jhunter11
Contributor
Contributor

Network Redundancy Question

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Hi Guys,

Just a quick question/clarification.

On the ESX hosts in our environment, all of the hosts have 8 physical NICs.

The way we have our networking setup is that the IP Subnet that the Service Console runs on (10.9.8.X) is also the IP Subnet of our internal network.

The way I have my hosts setup is with two of the physical NICs on that network going into the same Virtual Switch.  For the Service Console, the NICs are setup as Active/Standby.  For the internal network they are setup as Active/Active.

Is this the correct/preferred way to set this up to achive not only redundancy for the Service Console but also to have NIC teaming to achieve greater bandwith on our inside network?  Or should I be trying to use some of the other empty NIC ports to complete remove the Service Console from that IP Subnet?

James

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LarryBlanco2
Expert
Expert

Having 8 ports is good.

A good way to setup an ESX server is as follows.

3 ports for VM Network and the Service Console,  Put these on the same vSwitch and configure vlan trunking.

2 port for vMotion (preferabbly on a separate vlan or network)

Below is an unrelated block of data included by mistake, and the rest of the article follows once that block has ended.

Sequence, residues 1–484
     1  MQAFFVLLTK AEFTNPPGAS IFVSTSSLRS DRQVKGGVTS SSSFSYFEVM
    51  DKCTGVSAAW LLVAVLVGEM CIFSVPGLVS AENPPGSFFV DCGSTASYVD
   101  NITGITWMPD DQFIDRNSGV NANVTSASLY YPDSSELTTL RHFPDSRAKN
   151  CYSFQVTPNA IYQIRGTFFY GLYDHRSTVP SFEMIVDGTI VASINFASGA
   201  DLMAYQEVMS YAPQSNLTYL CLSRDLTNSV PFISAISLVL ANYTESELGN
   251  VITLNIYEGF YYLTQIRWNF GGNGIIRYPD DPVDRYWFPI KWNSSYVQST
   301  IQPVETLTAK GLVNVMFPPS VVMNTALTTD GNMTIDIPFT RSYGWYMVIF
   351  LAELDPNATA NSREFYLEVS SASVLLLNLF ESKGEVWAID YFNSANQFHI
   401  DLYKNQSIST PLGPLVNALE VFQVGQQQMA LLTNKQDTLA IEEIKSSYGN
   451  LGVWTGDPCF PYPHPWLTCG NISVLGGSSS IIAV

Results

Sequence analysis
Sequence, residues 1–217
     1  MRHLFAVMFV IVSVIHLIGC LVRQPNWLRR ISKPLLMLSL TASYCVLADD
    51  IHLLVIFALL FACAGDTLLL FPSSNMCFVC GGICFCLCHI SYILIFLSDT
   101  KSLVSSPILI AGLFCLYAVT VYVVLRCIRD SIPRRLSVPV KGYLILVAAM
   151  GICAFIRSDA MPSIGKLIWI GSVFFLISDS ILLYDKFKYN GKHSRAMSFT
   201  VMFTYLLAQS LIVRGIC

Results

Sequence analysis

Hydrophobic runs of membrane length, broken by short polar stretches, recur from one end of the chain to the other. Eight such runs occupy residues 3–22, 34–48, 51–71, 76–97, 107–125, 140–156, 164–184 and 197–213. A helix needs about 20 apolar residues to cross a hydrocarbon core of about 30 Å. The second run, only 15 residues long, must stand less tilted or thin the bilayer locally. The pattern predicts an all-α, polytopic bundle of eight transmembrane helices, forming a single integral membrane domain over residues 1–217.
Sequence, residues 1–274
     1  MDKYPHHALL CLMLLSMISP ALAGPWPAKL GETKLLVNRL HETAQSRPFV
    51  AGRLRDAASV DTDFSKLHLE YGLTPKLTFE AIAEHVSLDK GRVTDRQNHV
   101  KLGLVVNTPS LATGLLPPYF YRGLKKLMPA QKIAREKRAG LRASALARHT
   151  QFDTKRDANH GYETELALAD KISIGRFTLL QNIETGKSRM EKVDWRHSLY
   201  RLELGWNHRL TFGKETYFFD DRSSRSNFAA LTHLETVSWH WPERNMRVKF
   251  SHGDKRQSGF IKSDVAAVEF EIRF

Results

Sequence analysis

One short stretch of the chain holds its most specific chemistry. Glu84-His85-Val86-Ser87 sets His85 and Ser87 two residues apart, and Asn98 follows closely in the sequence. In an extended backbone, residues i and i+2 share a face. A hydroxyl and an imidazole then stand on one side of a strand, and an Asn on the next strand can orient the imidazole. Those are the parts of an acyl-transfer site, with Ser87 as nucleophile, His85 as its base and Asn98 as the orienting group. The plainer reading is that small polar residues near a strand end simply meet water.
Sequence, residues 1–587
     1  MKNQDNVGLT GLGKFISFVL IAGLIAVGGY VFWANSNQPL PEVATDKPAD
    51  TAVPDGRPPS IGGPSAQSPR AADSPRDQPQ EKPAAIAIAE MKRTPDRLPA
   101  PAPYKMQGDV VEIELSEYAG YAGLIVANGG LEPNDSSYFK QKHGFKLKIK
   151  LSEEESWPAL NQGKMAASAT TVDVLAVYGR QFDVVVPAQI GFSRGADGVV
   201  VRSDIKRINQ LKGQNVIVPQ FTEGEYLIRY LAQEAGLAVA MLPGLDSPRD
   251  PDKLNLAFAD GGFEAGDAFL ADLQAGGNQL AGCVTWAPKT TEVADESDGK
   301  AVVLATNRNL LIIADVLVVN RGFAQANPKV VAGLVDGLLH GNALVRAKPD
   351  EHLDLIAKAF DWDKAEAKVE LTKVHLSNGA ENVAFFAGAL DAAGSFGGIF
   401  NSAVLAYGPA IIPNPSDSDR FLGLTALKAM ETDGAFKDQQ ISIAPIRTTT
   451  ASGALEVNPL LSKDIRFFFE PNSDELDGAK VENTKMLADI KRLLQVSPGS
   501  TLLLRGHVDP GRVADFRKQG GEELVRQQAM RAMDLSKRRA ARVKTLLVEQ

3 ports for IP storage iSCSI/NFS

I would use teaming on each vSwitch ( Static LACP)

I don't know what type of storage you got going on..  The above is a good and redundant setup.

Larry B.

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LarryBlanco2
Expert
Expert

Having 8 ports is good.

A good way to setup an ESX server is as follows.

3 ports for VM Network and the Service Console,  Put these on the same vSwitch and configure vlan trunking.

2 port for vMotion (preferabbly on a separate vlan or network)

3 ports for IP storage iSCSI/NFS

I would use teaming on each vSwitch ( Static LACP)

I don't know what type of storage you got going on..  The above is a good and redundant setup.

Larry B.

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MauroBonder
Leadership
Leadership

this guide maybe helpful

*Please, don't forget the awarding points for "helpful" and/or "correct" answers. *Por favor, não esqueça de atribuir os pontos se a resposta foi útil ou resolveu o problema.* Thank you/Obrigado
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jhunter11
Contributor
Contributor

Okay, let me provide my setup a little differently then.

Each host has 8 NICs.

Two NICs are for SC/vMotion/Inside Network

Two NICs are for DMZ

1 NIC for Backups

3 NICs as of yet, undefined.

These hosts are all connected to a NetApp SAN.

Should I look into separating Service Console and vMotion?  We had originally thought of putting vMotion on the backup network.

When you say you would use static LACP on each vSwitch, what do you mean?